Michael P. Barry v. Donald Jackson and Karen JacksonAppeal from 353rd District Court of Travis County (memorandum opinion )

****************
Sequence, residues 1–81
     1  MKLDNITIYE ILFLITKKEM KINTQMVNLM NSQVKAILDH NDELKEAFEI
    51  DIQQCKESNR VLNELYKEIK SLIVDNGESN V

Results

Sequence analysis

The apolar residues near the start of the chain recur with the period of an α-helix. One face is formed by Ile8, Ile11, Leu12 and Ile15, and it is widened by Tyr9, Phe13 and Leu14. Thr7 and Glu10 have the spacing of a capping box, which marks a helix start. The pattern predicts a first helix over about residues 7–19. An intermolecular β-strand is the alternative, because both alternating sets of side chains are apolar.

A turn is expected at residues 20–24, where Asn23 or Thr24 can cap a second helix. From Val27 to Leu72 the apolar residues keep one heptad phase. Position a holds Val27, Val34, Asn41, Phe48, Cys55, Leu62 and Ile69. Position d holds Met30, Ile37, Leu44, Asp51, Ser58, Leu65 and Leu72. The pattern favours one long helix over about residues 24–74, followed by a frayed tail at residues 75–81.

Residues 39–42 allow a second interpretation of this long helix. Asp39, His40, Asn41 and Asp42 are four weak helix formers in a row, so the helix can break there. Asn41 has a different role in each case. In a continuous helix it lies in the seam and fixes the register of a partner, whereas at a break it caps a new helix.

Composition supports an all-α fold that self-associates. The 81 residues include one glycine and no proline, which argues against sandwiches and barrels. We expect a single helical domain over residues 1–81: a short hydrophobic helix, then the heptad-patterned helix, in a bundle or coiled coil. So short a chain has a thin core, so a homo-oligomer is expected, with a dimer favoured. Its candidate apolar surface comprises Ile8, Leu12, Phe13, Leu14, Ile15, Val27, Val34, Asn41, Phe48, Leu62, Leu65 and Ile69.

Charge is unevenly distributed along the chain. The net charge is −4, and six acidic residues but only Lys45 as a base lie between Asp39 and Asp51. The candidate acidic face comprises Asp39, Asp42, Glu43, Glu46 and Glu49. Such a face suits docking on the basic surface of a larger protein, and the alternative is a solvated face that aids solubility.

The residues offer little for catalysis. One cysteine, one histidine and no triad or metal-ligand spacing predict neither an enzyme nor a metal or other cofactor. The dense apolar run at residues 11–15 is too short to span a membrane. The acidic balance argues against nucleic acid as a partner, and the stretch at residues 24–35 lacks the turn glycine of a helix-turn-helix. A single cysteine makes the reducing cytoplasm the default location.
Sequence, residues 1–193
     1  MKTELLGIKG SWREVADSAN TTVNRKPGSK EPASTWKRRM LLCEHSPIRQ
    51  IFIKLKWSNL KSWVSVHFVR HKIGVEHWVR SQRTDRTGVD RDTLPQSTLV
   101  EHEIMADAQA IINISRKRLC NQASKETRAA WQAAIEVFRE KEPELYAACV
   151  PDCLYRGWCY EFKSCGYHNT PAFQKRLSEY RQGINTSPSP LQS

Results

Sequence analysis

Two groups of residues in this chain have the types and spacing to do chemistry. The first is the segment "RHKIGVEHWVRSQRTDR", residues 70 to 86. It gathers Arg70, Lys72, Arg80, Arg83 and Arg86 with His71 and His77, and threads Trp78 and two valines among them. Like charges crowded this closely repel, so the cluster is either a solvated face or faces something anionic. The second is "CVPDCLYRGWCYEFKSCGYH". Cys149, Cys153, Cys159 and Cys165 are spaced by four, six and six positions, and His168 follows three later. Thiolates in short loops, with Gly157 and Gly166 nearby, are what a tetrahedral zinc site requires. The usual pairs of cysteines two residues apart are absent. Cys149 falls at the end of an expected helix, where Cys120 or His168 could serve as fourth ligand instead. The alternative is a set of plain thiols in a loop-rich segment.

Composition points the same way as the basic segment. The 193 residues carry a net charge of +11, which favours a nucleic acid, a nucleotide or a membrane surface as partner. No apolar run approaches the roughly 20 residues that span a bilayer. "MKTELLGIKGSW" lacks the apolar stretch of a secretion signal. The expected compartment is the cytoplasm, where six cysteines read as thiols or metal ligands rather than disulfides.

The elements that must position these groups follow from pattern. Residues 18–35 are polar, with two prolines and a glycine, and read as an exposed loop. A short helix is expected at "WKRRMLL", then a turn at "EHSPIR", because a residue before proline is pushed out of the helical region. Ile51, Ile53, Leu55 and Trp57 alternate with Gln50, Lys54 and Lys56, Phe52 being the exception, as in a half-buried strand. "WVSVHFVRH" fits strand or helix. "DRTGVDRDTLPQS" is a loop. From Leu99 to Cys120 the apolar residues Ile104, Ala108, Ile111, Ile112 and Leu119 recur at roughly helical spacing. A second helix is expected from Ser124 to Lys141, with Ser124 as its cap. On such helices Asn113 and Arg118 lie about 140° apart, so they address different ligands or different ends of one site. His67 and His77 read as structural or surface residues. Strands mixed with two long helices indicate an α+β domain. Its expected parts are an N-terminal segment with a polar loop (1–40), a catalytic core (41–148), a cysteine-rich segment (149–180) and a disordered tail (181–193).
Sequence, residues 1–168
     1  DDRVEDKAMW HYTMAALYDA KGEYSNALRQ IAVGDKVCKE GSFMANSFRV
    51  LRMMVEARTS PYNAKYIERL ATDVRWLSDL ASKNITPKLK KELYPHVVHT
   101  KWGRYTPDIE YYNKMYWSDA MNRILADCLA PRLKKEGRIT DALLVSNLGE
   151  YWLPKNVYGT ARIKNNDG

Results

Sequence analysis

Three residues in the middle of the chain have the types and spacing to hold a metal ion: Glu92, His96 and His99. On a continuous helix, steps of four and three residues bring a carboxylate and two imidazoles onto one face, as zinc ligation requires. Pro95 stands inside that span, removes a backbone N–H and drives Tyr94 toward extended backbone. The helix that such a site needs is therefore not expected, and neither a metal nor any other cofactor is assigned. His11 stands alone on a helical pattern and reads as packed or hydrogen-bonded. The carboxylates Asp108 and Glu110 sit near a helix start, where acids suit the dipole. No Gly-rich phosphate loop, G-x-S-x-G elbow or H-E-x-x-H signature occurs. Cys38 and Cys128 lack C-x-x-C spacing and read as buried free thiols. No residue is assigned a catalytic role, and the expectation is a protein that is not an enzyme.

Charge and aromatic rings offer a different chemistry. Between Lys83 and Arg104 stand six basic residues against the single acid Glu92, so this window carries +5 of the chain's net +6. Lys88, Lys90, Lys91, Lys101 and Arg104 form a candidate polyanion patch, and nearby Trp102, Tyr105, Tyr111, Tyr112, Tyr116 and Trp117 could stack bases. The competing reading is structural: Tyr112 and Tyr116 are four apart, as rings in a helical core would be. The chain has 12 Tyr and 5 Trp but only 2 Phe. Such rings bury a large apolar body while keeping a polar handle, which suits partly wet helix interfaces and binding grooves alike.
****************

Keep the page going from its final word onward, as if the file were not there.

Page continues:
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TEXAS COURT OF APPEALS, THIRD DISTRICT, AT AUSTIN NO. 03-11-00549-CV Michael P. Barry, Appellant v. Donald Jackson and Karen Jackson, Appellees FROM THE DISTRICT COURT OF TRAVIS COUNTY, 353RD JUDICIAL DISTRICT NO. D-1-GN-03-000710, HONORABLE STEPHEN YELENOSKY, JUDGE PRESIDING MEMORANDUM OPINION In 2010, this Court considered an appeal brought by appellant Michael P. Barry complaining of the trial court s judgment in favor of appellees Donald and Karen Jackson in a breach of contract suit the Jacksons brought against Barry after a failed real estate transaction. See Barry v. Jackson, 309 S.W.3d 135 (Tex. App. Austin 2010, no pet.). The judgment awarded the Jacksons approximately $50,000 in damages, as well as almost $25,000 in attorney s fees. Id. at 138-39. Although we agreed that Barry had breached the contract, we determined that the evidence was insufficient to support the majority of the damages award, holding that the Jacksons should recover $3,889 in damages. Id. at 142. Then, because we had significantly recalculated the damages award, we remanded the case to the trial court for recalculation of attorney s fees.1 Id. 1 The contract provides, The prevailing party in any legal proceeding related to this contract is entitled to recover reasonable attorney s fees and all costs of such proceeding incurred by the prevailing party. Thus, although we reduced the Jacksons recovery on appeal, they did prevail in their breach of contract suit and are entitled to recover reasonable attorney s fees from Barry. at 142-43. On remand, the trial court held a hearing, entered a new judgment awarding the Jacksons $3,889 in damages and $20,000 in attorney s fees, found that the contract provided for the prevailing party to recover attorney s fees, and concluded that, based on reasonable and customary hourly rates in the area, $20,000 was a reasonable and necessary award. Barry appeals, arguing that the trial court abused its discretion in refusing to hear new evidence and in awarding attorney s fees that are wildly disproportionate to the actual award of damages and the actual amount of work that an attorney should reasonably engage in to achieve that award. We affirm the trial court s judgment. Standard of Review We will not overturn a trial court s determination of attorney s fees absent an abuse of discretion, meaning the record must show that the trial court acted arbitrarily and unreasonably, without reference to any guiding rules and principles. Cole Chem. & Distrib., Inc. v. Gowing, 228 S.W.3d 684, 689-90 (Tex. App. Houston [14th Dist.] 2005, no pet.); see also Ragsdale v. Progressive Voters League, 801 S.W.2d 880, 881 (Tex. 1990) ( Ordinarily, the allowance of attorney s fees rests with the sound discretion of the trial court and will not be reversed without a showing of abuse of that discretion. ); Bair Chase Prop. Co., LLC v. S & K Dev. Co., 260 S.W.3d 133, 138 (Tex. App. Austin 2008, pet. denied) (when trial court is fact-finder, amount of attorney s fees will not be reversed absent clear abuse of discretion). Although the amount of damages awarded is relevant in assessing the reasonableness of a trial court s determination of attorney s fees, it is one of several factors to be considered. Arthur Andersen & Co. v. Perry Equip. Corp., 945 S.W.2d 812, 818 (Tex. 1997). Other factors include the total amount of money involved; the nature and difficulty of the case; the time and labor spent; the legal skills and experience required; the attorney s 2 experience, reputation, and ability; and fees customarily charged in the area for similar legal services. Id. A trial court need not receive evidence on each Arthur Andersen factor and may look at the entire record, the evidence presented on reasonableness, the amount in controversy, the common knowledge of the participants as lawyers and judges, and the relative success of the parties. Jarvis v. Rocanville Corp., 298 S.W.3d 305, 318 (Tex. App. Dallas 2009, pet. denied); see Cole Chem., 228 S.W.3d at 690 ( To determine an appropriate fee award, the trial judge is entitled to look at the entire record and to view the matter in light of the amount in controversy, the nature of the case, and his or her personal experience as a lawyer and judge. ). We note that the appellate record does not include a reporter s record. There is no indication that Barry requested a court reporter or objected to the reporter s failure to record the proceedings,2 and in his motion for new trial, Barry did not mention that a record was not made, much less object to it. On appeal, he does not address the subject other than to say, There is no record of the non-evidential hearing after remand. Without a reporter s record, we presume that the trial court heard sufficient evidence to make all necessary findings in support of its judgment. Nicholson v. Fifth Third Bank, 226 S.W.3d 581, 583 (Tex. App. Houston [1st Dist.] 2007, no pet.); see Schafer v. Conner, 813 S.W.2d 154, 155 (Tex. 1991) ( in the absence of a complete statement of facts, it is presumed that the omitted evidence supports the trial court s judgment ). 2 A court reporter must make a record of all proceedings unless the parties agree to waive it. See Tex. R. App. P. 13.1(a). Absent such a waiver, a reporter s failure to make a record is error. Reyes v. Credit Based Asset Serv. & Securitization, 190 S.W.3d 736, 740 (Tex. App. San Antonio 2005, no pet.); Rittenhouse v. Sabine Valley Ctr. Found., Inc., 161 S.W.3d 157, 161-62 (Tex. App. Texarkana 2005, no pet.). However, a party must object to the reporter s failure to record the proceedings or error is waived. Reyes, 190 S.W.3d at 740; Rittenhouse, 161 S.W.3d at 162. 3 Discussion In his first issue, Barry contends the trial court erred in not reopening the evidence and conducting a full evidentiary hearing on attorney s fees. However, the clerk s record does not contain any pleading filed by Barry before the hearing asking to introduce new evidence. The Jacksons assert in their brief that they relied on the evidence related to attorney s fees that they had introduced in the original trial documentary evidence and their attorney s testimony about the time and effort put forth up through the original trial3 and that Barry did not ask to be allowed to introduce new evidence. There is no evidence in the record that Barry attempted to introduce new evidence or attacked the Jacksons evidence until he filed a motion for new trial arguing that the court should have received new evidence instead of limiting consideration of only the evidence and testimony admitted at the original trial. Further, we did not order the trial court to hold a full trial on the issue of attorney s fees but instead remanded the case for recalculation of attorney s fees. Barry, 309 S.W.3d at 142. Without a record of the hearing, we have no way to know what evidence was adduced, whether Barry sought to attack the Jacksons evidence or introduce his own, how the trial court ruled on any such attempts, or what kind of arguments were presented by the parties. Barry has not shown that the trial court abused its discretion in the way it chose to proceed with the hearing on attorney s fees. See Brockie v. Webb, 331 S.W.3d 135, 137-38 (Tex. App. Dallas 2010, no pet.) (trial court has 3 In the original trial, the Jacksons attorney testified that up until about a month before trial, he had done about 140 hours of work in the case and that his rate was initially $150 and then raised to $175 while the case was proceeding, for a total of $22,715. He said he had also put in another twenty-one hours in the month just before trial, for another $3,675. 4 inherent power that it may use to aid in the exercise of its jurisdiction, in the administration of justice, and in the preservation of its independence and integrity and vast discretion to maintain control of the proceedings before it, to expedite the proceedings, and to prevent what it considers to be the unnecessary use of its time or resources ). In his second issue, Barry asserts that the $20,000 attorney s fee award is wildly disproportionate to the $3,889 damages award. However, the amount of damages awarded is only one factor to be considered in assessing whether a trial court abused its discretion in determining the amount of fees that should be awarded. Arthur Andersen, 945 S.W.2d at 818. The trial court was entitled to consider the entire record, the Jacksons evidence, the amount in controversy, and Barry s conduct throughout the case.4 See Jarvis, 298 S.W.3d at 317; Cole Chem., 228 S.W.3d at 690. Further, Texas courts have affirmed attorney s fee awards considerably larger than the damages awarded. See, e.g., Bencon Mgmt. & Gen. Contracting, Inc. v. Boyer, Inc., 178 S.W.3d 198, 209-10 (Tex. App. Houston [14th Dist.] 2005, no pet.) (affirming $283,000 in attorney s fees in case with $81,000 in damages; defendant filed counterclaim for more than $500,000 and was uncooperative in discovery, and plaintiff had to hire expert but did not include expert fees in attorney s fee request); Murrco Agency, Inc. v. Ryan, 800 S.W.2d 600, 606-07 (Tex. App. Dallas 1990, no writ) (affirming $92,000 attorney s fee award in case with $28,000 damages award; plaintiff sought damages in excess of $92,000, amount of damages is only one factor to be 4 On appeal, the Jacksons assert that Barry engaged in dilatory, time-consuming and expensive actions, stating that he changed counsel several times during the case; failed to appear for a scheduled mediation; failed to appear for a hearing, which resulted in a default judgment, then sought and received a new trial; filed two motions for summary judgment, both of which were denied; filed an unsuccessful counterclaim; and added and later released a third-party defendant. 5 considered, and it was for jury as fact-finder to determine the reasonable value of an attorney s services ); Flint & Assoc. v. Intercontinental Pipe & Steel, Inc., 739 S.W.2d 622, 626 (Tex. App. Dallas 1987, writ denied) (affirming $162,000 attorney s fees following $24,000 damages award, noting that amount of recovery is but one factor and that another factor is total amount involved in the case, which was claimed to be more than $500,000). The trial court presumably considered the Jacksons evidence about attorney s fees incurred in the original proceeding, as well as argument by the parties, and determined that $20,000 was a reasonable and necessary sum. Barry has not shown that the trial court abused its discretion in coming to that conclusion. See Bair Chase Prop. Co., 260 S.W.3d at 138; see also Schafer, 813 S.W.2d at 155 ( [W]hen an appellant complains of the factual or legal sufficiency of the evidence, the appellant s burden to show that the judgment is erroneous cannot be discharged in the absence of a complete or an agreed statement of facts. ). Conclusion Barry has not shown that the trial court abused its discretion in the way it conducted the hearing or in its determination of the attorney s fee award. We affirm the trial court s judgment. __________________________________________ David Puryear, Justice Before Justices Puryear, Goodwin, and Field Affirmed Filed: November 26, 2013 6